• allow `=' in all tag names, not just line tags. That has to do with the implicit html-tags above: in those implicit html-tag htm1-pp will replace underscores with blanks. So maybe you want to try `{/font_color=red:some text}' to produce some text in red.
  • introduce bracket-defs: a line starting with something like `[name:] <text> ' will be treated as a `html-def: name <text>' line. Since the text-body is scanned for those lines first, you have the option to put these defs after their use. I hold this to be an intended feature.

and new in 1.2
  • the syntax of {{text}[tag:args]} and {{text}[tag]} is now implemented. Esp. the second form does limit the available tag-names only to those that do not look like C-expression. In this version (1.2) these are those starting/ending with `/' or `%' or `=' or being just a single non-alnum character - so in fact `{}[@]' is allowed!
    (note that ` {}[i] ' would not be accepted and hence printed as it was in source, yet ` {}[/i] ' works nicely)
  • the next step is attempted - the one-word syntax for the bracket-tag is now also accepted, so you can simply write `text[tag:arg]' or `text[tag]'. But be aware that those don't usually nest, so you should not write `text[/b][/i]' which would not expand the second `[/i]' tag. Even more, the text must be preceded with whitespace|newline at the moment.


The distribution file contains the files along in their usual subdirectories `bin' `etc' and `doc'. So installation goes safely by going to the desired prefix-directory (or just stay in your home-directory) and expand the tar-file. In an xterm-shell you would do `tar xzvf htm1-pp.tgz'.

It is very probably you have to edit `bin/htm1-pp''s first line to point to the `perl'-interpreter. Again, in a shell you can usually type `type -p perl' or `whereis perl' to get the path.

That should be it. It may get a lot nastier on non-unix systems. I am currently running it under linux, hpux and solaris, installed under my home directory.

Bugs & Caveats & Things to watch out for

bugs & caveats do most often have to do with functions, since those are quite special. I recommend to name all functions with an additional non-alpha-numerical character in the name, so that you'll be warned. (well, quite a few function-tags don't follow this rule yet, I'll try hard to rename them... so expect changes)

  • if you use `html-def:' to create a new tag in your header, you can embed htm1-macro-tags in there, so they will expand to their definitions. This is quite handy, but it may not do what you expect, esp. if some of the htm1-tags are functions. The reason is, that the embedded tags are expanded before the definition is stored, ie. the functions are called, may return sth. (or just fail), and the later usage of your new tag will not call the function again. [fixed]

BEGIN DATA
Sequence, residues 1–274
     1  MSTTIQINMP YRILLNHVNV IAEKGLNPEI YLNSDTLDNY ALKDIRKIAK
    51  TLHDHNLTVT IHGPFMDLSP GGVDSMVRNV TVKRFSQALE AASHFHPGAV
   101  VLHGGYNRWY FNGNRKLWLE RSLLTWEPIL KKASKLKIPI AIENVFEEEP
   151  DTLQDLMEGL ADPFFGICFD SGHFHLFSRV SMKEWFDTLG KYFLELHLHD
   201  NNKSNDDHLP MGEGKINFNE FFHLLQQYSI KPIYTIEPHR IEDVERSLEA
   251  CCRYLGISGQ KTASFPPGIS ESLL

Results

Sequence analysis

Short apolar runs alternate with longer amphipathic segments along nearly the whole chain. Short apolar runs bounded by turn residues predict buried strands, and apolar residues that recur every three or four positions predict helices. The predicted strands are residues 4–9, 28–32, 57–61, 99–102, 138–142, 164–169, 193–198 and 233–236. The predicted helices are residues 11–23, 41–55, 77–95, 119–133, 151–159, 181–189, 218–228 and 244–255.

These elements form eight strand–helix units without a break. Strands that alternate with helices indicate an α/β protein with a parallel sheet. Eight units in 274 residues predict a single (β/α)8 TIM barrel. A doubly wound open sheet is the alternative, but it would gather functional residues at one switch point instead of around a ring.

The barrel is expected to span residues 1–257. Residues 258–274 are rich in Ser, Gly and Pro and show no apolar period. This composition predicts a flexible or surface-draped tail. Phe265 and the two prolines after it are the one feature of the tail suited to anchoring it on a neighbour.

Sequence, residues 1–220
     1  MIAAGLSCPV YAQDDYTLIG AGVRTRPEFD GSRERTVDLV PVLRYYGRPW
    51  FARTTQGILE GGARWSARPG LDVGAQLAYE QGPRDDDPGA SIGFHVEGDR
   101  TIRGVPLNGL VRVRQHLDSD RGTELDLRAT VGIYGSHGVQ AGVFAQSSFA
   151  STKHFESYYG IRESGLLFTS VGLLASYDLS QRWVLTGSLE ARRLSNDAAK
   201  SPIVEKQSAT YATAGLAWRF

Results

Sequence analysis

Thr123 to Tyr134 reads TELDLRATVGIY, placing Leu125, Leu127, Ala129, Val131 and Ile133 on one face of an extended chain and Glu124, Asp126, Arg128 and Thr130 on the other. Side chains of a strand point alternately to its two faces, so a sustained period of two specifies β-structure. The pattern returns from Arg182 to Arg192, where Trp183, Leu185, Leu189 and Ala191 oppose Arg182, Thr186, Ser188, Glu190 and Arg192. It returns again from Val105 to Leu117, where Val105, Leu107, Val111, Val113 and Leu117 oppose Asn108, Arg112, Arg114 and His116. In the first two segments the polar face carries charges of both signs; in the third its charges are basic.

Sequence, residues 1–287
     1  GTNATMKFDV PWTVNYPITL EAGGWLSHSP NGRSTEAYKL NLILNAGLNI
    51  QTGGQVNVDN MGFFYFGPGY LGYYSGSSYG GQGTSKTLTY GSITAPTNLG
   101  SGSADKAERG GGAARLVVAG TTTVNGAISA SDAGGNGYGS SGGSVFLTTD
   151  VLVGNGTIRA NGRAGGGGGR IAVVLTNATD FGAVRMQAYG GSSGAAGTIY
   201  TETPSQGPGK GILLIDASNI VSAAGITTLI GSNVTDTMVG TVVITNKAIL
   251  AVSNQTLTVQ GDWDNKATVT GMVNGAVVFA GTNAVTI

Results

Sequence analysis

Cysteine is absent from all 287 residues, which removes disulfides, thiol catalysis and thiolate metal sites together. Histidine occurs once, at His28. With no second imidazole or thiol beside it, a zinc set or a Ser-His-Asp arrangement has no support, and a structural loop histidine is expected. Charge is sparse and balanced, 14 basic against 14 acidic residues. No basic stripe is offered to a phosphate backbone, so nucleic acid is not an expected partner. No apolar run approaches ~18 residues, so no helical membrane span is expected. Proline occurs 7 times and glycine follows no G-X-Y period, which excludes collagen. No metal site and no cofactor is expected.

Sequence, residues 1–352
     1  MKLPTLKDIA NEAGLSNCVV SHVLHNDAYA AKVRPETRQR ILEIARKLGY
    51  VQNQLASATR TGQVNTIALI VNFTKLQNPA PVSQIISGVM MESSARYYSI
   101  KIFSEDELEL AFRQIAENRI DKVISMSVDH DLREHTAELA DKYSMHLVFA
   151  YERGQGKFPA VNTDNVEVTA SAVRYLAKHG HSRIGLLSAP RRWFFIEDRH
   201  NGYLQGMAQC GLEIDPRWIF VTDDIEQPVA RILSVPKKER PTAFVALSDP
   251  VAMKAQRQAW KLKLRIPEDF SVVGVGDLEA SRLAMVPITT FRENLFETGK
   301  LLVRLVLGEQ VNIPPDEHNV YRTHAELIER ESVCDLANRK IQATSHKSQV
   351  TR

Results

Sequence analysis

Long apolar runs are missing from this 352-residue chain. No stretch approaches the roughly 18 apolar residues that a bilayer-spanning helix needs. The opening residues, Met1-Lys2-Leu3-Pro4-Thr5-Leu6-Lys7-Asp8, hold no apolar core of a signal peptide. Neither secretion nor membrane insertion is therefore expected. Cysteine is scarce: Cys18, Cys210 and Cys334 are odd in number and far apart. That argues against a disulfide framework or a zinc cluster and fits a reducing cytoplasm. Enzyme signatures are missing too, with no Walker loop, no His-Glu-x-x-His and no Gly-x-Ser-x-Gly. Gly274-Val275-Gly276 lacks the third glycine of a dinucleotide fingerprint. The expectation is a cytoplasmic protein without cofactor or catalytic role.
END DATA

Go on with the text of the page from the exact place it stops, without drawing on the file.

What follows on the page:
• all (curly) braces must be symmetrical. If htm1-pp encounters a brace-pair that is not a tag-call, it will mask this pair assuming it came from some embedded notation, especially C-code, C++-code, Java-code, etc. Sometimes a brace is not part of a pair, so be sure to mask it explicity by using `\{' instead of just `{'. (look into the .htm1-source of this file to see how I have written this paragraph...)

  • writing text does sometimes use a colon after a word to introduce a second part of the sentence. This may be seen as a line-tag if it happens to be at the left column in the text. Watch for messages saying "undefined tag ^...^" - it does often beat on that one.
    (you could start each simple text line with a space, but actually this is a thing you can recognize easily in your source)
    [fixed] see Changes section on new intepretation of such line-tags

  • Sometimes you get strange error messages, or just something in (round) parentheses has gotten lost in the resulting text. This is often the case if you wrote something like `{small:(oooohhh)}', where the word in parentheses is held to be a subtag-argument to `small:'. The solution is to put an additional space between the introducing htm1-tag and the first one of the parentheses, ie. `small: (oooh)'. Introducing spaces in the vicinity of everything looking quite like a htm1-tag is always recommended.


The package is Free Software in the notion of Lesser GPL, (the `GNU Library General Public License') - you can inform yourself about the meaning of free software, their benefits/drawbacks/liability and other possible lincenses at, or the Original - The Free Software Foundation.

- and remember: faithful in the matter, but use at your own risk - the sources tell you all
they are your safety, warranty, compatibility, portability, and much more



comments, bugfixes, patches or extensions - everything's wellcome.

  • Erwin S. Andreas (author of SmartHTML) wrote:
    Cool, I'm glad SmartHTML proved useful beyond its original intent :)

    I like some of the ideas, e.g. using the META GENERATOR tag, the argument abbreviation (i.e. change an argument of "100%" automatically into width=100% sine that's where it's used most), definition of global "variables" (e.g. $(fgcolor)) so you can easier change your color scheme.

(C) Aug'99-Oct'99 Guido Draheim htm1-pp 1.2